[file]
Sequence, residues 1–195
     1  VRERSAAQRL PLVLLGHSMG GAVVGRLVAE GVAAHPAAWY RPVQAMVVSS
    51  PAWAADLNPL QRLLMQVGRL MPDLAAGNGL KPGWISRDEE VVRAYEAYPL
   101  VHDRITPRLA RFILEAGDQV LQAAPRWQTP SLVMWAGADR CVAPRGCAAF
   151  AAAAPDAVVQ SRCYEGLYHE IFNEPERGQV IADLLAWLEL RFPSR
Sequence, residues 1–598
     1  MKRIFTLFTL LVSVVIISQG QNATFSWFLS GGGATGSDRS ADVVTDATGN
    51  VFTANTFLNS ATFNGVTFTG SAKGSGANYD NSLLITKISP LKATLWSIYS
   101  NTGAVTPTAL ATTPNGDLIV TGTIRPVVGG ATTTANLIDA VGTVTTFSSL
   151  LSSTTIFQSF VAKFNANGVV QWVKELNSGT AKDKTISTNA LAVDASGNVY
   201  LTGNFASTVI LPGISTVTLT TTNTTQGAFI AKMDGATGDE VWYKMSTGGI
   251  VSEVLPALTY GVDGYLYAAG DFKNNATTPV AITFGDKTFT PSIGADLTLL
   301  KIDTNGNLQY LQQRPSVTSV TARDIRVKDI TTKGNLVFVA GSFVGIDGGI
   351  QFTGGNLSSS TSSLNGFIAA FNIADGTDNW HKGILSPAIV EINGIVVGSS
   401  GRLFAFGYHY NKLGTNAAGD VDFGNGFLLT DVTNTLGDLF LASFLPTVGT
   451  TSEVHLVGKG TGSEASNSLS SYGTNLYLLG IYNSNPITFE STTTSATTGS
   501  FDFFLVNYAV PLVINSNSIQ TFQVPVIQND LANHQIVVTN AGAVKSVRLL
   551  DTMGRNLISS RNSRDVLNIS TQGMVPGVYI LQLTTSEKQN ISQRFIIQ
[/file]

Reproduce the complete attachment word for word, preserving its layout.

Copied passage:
Sequence, residues 1–195
     1  VRERSAAQRL PLVLLGHSMG GAVVGRLVAE GVAAHPAAWY RPVQAMVVSS
    51  PAWAADLNPL QRLLMQVGRL MPDLAAGNGL KPGWISRDEE VVRAYEAYPL
   101  VHDRITPRLA RFILEAGDQV LQAAPRWQTP SLVMWAGADR CVAPRGCAAF
   151  AAAAPDAVVQ SRCYEGLYHE IFNEPERGQV IADLLAWLEL RFPSR
Sequence, residues 1–598
     1  MKRIFTLFTL LVSVVIISQG QNATFSWFLS GGGATGSDRS ADVVTDATGN
    51  VFTANTFLNS ATFNGVTFTG SAKGSGANYD NSLLITKISP LKATLWSIYS
   101  NTGAVTPTAL ATTPNGDLIV TGTIRPVVGG ATTTANLIDA VGTVTTFSSL
   151  LSSTTIFQSF VAKFNANGVV QWVKELNSGT AKDKTISTNA LAVDASGNVY
   201  LTGNFASTVI LPGISTVTLT TTNTTQGAFI AKMDGATGDE VWYKMSTGGI
   251  VSEVLPALTY GVDGYLYAAG DFKNNATTPV AITFGDKTFT PSIGADLTLL
   301  KIDTNGNLQY LQQRPSVTSV TARDIRVKDI TTKGNLVFVA GSFVGIDGGI
   351  QFTGGNLSSS TSSLNGFIAA FNIADGTDNW HKGILSPAIV EINGIVVGSS
   401  GRLFAFGYHY NKLGTNAAGD VDFGNGFLLT DVTNTLGDLF LASFLPTVGT
   451  TSEVHLVGKG TGSEASNSLS SYGTNLYLLG IYNSNPITFE STTTSATTGS
   501  FDFFLVNYAV PLVINSNSIQ TFQVPVIQND LANHQIVVTN AGAVKSVRLL
   551  DTMGRNLISS RNSRDVLNIS TQGMVPGVYI LQLTTSEKQN ISQRFIIQ